Sunday, August 13, 2006
STANFORD, Calif. If it is really true that Google is going to digitize the roughly 9 million books in the libraries of Stanford University, then you can be sure that the folks who brought you the world's most ambitious search engine will come, in due time, for call number E169 D3.
Google workers will pull Lillian Dean's 1950 travelogue "This Is Our Land" -- the story of one family's "pleasant and soul-satisfying auto journey across our continent" -- from a shelf in the second-floor stacks of the Cecil H. Green Library. They will place the slim blue volume on a book cart, wheel it into a Google truck backed up to the library's loading dock and whisk it a few miles southeast to the Googleplex, the $100 billion-plus company's sprawling, campuslike headquarters in Mountain View. There, at an undisclosed location, it will be scanned and added to the ever-expanding universe of digitally searchable knowledge.
Because for one thing, in their race to assemble the greatest digital library the world has ever seen, Google's engineers have developed sophisticated technology they'd prefer their competitors not see.
And for another, perhaps -- though Google executives don't say so directly -- the library scanning program already has generated a little too much heat.
Last fall, the Authors Guild and a group of major publishing houses filed separate suits in U.S. District Court in Manhattan, charging Google with copyright infringement on a massive scale. Google argues that under the "fair use" provisions of copyright law, it has a perfect right to let its users search the text of copyrighted works -- as long as, once the search is complete, it only shows them what it calls "snippets" of those works. Nonsense, say the authors and publishers: In order to find and display those snippets, Google must first copy whole books without permission.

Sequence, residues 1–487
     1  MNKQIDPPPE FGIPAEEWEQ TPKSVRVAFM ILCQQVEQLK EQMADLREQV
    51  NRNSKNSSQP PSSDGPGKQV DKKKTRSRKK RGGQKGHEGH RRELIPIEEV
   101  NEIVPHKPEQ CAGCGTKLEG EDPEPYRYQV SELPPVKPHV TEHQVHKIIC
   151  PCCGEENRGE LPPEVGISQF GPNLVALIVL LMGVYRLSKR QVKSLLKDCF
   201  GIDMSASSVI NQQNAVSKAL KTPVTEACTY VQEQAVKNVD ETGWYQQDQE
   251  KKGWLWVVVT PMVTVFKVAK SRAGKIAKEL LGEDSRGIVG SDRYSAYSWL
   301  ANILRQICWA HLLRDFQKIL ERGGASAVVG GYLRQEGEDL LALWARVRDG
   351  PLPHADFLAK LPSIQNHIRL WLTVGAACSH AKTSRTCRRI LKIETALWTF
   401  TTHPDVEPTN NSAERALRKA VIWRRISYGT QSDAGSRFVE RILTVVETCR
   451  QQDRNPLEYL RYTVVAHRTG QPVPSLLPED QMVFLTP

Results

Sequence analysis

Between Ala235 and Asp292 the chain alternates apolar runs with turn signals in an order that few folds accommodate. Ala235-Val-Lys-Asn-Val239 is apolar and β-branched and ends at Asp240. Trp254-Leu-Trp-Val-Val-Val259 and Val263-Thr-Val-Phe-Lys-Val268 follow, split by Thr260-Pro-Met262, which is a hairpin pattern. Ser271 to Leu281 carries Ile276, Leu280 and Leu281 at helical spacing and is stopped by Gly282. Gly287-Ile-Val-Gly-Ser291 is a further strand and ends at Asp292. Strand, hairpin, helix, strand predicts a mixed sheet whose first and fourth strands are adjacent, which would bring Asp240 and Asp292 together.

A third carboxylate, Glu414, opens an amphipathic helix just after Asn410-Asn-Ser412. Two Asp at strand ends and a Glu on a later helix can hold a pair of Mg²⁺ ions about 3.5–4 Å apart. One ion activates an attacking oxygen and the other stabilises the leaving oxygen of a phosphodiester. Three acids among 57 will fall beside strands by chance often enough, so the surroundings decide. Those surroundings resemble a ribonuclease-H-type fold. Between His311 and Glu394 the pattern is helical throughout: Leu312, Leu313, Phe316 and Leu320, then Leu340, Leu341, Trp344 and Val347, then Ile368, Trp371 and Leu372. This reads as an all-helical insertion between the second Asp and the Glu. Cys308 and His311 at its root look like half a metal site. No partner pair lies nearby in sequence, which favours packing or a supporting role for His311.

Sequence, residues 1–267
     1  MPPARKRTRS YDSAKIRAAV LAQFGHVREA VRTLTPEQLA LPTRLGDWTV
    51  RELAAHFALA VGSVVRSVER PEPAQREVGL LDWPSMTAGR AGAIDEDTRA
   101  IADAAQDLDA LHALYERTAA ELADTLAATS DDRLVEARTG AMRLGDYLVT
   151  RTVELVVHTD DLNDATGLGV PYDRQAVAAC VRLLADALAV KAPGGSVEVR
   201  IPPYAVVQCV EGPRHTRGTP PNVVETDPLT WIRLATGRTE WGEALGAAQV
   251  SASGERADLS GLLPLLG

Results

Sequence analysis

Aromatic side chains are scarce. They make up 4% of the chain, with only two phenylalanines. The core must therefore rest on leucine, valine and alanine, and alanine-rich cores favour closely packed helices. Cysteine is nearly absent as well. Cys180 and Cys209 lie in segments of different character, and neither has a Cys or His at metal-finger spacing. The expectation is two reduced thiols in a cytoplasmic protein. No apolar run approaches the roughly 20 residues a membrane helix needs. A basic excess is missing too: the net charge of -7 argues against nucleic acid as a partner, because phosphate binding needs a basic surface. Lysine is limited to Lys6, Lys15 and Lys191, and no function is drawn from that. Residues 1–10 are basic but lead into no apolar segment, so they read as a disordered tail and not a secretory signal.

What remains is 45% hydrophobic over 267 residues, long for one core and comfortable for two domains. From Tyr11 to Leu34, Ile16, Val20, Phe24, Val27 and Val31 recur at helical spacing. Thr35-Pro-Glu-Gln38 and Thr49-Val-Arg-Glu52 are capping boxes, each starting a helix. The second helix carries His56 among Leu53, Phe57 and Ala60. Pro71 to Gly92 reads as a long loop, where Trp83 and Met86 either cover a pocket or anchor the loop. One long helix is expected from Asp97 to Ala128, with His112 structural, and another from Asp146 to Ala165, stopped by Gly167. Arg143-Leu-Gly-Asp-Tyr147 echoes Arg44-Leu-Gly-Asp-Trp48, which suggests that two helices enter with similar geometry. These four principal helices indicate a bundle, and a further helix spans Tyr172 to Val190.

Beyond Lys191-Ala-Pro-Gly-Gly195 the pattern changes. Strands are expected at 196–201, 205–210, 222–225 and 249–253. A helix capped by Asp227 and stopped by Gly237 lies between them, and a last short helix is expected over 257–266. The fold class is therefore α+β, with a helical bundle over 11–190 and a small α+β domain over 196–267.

Books like E169 D3 -- which finds itself smack at the heart of this contested legal territory.
"Great example," says Andrew Herkovic, the communications and development director for Stanford's libraries, as he pauses to consider "This Is Our Land" during a Green Library tour.
There's a 10-1 chance, Herkovic estimates, that its copyright expired without being renewed, which would put it safely in the public domain.
But "if you were the corporate counsel for Stanford, Google or anybody else, is 10 to 1 good enough?"
To travel to Silicon Valley and consider the fate of E169 D3 -- along with the tens of millions of other volumes Google hopes to scan, from Stanford and a number of other major libraries -- is to open a window on the future of books in the digital age.
It's also to be swept up in the saga of Google itself: the seat-of-the-pants enterprise that computer science whizzes Sergey Brin and Larry Page moved out of their cramped quarters at Stanford in 1998 -- just eight years ago! -- and into Susan Wojcicki's garage.